SitNews - Stories in the News - Ketchikan, Alaska



The Consolidation Myth
By Rodney Dial


January 27, 2006

Consider this: You have a car you love, its dependable, has always taken care of your needs and has a reasonable lease ¡Vyou¡re happy-. One day you receive a call from the Lessor who tells you they have a deal you can't refuse. You are told that If you allow them to revise your lease, and turn in your old car you will get a new one that is more efficient, with lower payments. Although you love your old car, you excitedly respond to the dealer.

When you arrive you learn that the deal has changed. First, they can no longer promise that the payments will be lower, actually they will increase. They attempt to reassure you by saying that your payments can only be raised again if a majority of the management agree to do so - "Trust us they say".

You are told that you can't see or test drive the new vehicle, and that once the lease is changed, you can never go back. As you ponder your options you learn that those who have accepted this offer in other communities have discovered that the promise of increased efficiency, only resulted in increased costs and complexity. What do you do?

The facts of the current consolidation attempt are this: That shortly after voters overwhelmingly rejected the last attempt at consolidation (2001), supporters tried again, this time with promises of more efficiency. Voters were swayed and approved the latest consolidation attempt on October 7, 2003. The current Consolidation Commission was formed and submitted a petition to the State with the following key points: 10 mil property tax cap, and proposal to require at least two-thirds of the assembly or a majority of the voters to authorize any fee increase.

Last November, the Commission filed the following modifications to the original petition: The tax cap has been removed, areawide taxes are expected to increase by 2 mils under consolidation (yes this includes the city), and the original proposal to require at least two-thirds of the assembly or a majority of the voters to authorize any fee increase was eliminated. Don¡t believe me? check out the AMENDED petition for yourself at

If you love this community, ask yourself the following, concerning consolidation:

(Q) If consolidation is about saving money, and less government, (as supporter's claim) then why was the tax cap proposal removed from the petition? (A) 1. Because consolidation has NEVER in Alaskan history, resulted in lower LOCAL government spending (see, Eagle River, Anchorage Hillside, Juneau, etc.) 2. Because the proposed tax cap was only used to garner public support for the consolidation attempt. 3. Because increased public spending is the ultimate goal of many consolidation supporters. 4. Because consolidation will ultimately allow the State to transfer program costs to the newly formed government (research Juneau¡s / Anchorage Hillside¡s past, regarding public safety funding).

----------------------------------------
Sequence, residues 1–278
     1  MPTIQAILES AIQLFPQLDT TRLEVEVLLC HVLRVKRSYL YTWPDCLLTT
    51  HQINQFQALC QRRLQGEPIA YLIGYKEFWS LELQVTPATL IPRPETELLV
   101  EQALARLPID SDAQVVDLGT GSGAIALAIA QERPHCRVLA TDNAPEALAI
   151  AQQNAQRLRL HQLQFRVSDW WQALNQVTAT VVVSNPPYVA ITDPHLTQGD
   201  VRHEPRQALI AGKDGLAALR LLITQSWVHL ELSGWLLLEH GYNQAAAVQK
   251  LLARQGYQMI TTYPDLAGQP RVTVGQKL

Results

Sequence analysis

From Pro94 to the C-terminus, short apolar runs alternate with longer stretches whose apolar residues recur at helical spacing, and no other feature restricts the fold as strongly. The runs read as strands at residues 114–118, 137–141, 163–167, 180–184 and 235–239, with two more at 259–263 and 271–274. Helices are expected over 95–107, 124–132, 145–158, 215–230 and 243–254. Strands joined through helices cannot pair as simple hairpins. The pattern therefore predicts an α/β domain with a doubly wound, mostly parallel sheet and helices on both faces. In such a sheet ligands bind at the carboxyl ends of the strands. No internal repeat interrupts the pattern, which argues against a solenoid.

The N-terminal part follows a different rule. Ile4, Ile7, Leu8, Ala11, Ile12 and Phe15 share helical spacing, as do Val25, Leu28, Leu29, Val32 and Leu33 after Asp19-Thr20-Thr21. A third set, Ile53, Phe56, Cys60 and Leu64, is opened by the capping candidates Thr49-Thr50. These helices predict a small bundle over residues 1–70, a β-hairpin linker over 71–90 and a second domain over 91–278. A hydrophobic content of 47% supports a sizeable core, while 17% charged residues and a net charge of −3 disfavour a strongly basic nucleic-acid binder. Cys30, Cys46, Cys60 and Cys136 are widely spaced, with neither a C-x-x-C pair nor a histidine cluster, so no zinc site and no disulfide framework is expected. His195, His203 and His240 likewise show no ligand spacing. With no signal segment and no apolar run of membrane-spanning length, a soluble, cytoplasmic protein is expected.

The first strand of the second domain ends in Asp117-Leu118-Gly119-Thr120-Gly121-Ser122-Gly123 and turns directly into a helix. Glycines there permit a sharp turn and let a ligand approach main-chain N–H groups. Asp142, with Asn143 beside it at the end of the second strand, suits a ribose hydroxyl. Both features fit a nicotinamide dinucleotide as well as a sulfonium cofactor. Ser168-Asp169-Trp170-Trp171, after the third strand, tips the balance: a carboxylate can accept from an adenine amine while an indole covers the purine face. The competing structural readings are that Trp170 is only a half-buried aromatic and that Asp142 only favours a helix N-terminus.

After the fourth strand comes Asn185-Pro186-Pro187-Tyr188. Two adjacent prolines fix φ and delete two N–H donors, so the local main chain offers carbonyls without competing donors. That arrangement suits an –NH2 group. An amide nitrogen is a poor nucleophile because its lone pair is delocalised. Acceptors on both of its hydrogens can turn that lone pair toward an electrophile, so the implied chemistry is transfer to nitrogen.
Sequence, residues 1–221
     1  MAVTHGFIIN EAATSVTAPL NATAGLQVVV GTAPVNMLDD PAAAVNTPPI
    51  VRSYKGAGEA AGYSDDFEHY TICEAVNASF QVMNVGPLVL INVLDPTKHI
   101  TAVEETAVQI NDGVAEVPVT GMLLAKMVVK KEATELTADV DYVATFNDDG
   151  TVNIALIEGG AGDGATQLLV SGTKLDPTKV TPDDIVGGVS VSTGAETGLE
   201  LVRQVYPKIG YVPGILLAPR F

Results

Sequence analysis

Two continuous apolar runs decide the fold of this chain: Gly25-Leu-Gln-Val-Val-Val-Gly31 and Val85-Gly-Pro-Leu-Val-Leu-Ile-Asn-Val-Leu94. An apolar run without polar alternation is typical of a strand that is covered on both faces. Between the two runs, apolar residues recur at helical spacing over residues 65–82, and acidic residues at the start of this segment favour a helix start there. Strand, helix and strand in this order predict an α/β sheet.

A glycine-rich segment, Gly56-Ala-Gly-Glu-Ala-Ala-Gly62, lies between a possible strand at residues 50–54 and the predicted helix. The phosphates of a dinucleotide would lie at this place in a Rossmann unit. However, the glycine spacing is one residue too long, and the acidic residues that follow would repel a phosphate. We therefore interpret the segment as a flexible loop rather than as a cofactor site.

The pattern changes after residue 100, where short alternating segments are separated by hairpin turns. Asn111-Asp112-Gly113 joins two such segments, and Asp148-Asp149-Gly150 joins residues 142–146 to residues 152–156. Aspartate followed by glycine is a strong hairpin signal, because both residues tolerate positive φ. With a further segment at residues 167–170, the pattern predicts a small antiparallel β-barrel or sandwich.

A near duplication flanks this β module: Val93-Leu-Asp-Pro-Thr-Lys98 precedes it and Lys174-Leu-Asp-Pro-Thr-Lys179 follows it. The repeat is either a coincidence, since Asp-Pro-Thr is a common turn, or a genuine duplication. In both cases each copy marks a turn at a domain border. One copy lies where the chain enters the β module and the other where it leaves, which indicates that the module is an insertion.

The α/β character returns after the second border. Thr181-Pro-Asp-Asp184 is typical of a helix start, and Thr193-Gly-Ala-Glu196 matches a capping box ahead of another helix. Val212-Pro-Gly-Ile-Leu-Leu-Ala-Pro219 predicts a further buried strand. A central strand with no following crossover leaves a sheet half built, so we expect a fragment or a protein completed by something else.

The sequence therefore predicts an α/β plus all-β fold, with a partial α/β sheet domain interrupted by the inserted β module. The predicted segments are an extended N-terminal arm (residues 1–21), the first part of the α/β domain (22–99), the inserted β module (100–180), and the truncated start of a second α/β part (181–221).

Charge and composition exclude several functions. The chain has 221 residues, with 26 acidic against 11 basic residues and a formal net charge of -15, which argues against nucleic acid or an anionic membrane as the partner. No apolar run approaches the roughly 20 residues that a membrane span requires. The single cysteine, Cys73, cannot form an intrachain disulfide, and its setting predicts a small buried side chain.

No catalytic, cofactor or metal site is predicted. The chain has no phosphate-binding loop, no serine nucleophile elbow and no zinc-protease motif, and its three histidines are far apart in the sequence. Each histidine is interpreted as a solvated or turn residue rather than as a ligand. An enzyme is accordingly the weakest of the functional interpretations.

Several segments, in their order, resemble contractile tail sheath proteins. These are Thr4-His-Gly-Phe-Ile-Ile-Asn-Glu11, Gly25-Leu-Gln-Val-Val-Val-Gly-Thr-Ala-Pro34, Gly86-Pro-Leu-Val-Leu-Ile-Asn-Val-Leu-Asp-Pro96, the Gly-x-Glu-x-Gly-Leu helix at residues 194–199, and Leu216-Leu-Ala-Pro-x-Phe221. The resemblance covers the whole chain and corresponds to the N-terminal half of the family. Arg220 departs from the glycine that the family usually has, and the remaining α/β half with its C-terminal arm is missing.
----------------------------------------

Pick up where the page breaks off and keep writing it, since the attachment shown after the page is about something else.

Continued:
Q) What prevents Ketchikan's two government system from consolidating services, without consolidating governments. (A) Nothing. Many Cities, Villages, and even State and local governments across the State share expenses / employees every day. An example of this can be seen in the many communities where the State contracts with local governments to provide Jail, and emergency dispatch services. Many communities have MOA¡s with each other and share service costs. The cry that consolidation of the City and Borough will result in more efficient government is simply a play on words, and is in fact nothing more than a Red-Herring.

I encourage all Ketchikan Island residents to do the research for themselves concerning consolidation. Statewide City tax information is available on the State Website. You will see in black and white, that the largest communities also have the highest taxes. If you think about it, the reason becomes clear, more services government rules/regulations, employees, etc. An example can be seen in the amount of money Anchorage spends each year just to pick up drunks off the sidewalk (community service patrol). Have you ever hear of a small city that required its residents to obtain a permit for replacing a home hot water heater? Larger city¡s do, and the taxpayers in those communities pay higher taxes as a result.

My challenge to the Consolidation Commission / supporters is this: Prove your detractors wrong, and amend the petition to guarantee the public the following: 1. No tax increases without a vote of the people (if this is really about saving money then you have nothing to worry about). 2. A guarantee that no land will be annexed into the city without majority support of the people affected. 3. Clear identification of where money will be saved because of consolidation. 4. Give the public the ability / right to vote after one year, to reinstate the two government system, should consolidation not live up to the promises made.

If you can provide the aforementioned guarantees, then you will probably have public support, if not, then only a fool would vote for consolidation. Finally, don¡t even think about crying about how poor our local governments are when we have a fleet of buses driving around the city with almost no one on them, but that is a topic for another day.

Rodney Dial
Ketchikan, AK - USA


About: Rodney Dial is a lifelong Alaskan. He states he has lived in every geographical region of the State and "I have seen first hand the effects of consolidation in other communities. Consolidation will result in significantly higher taxes for Island residents with no increase in services."


Related Information:

Ketchikan Consolidation Commission



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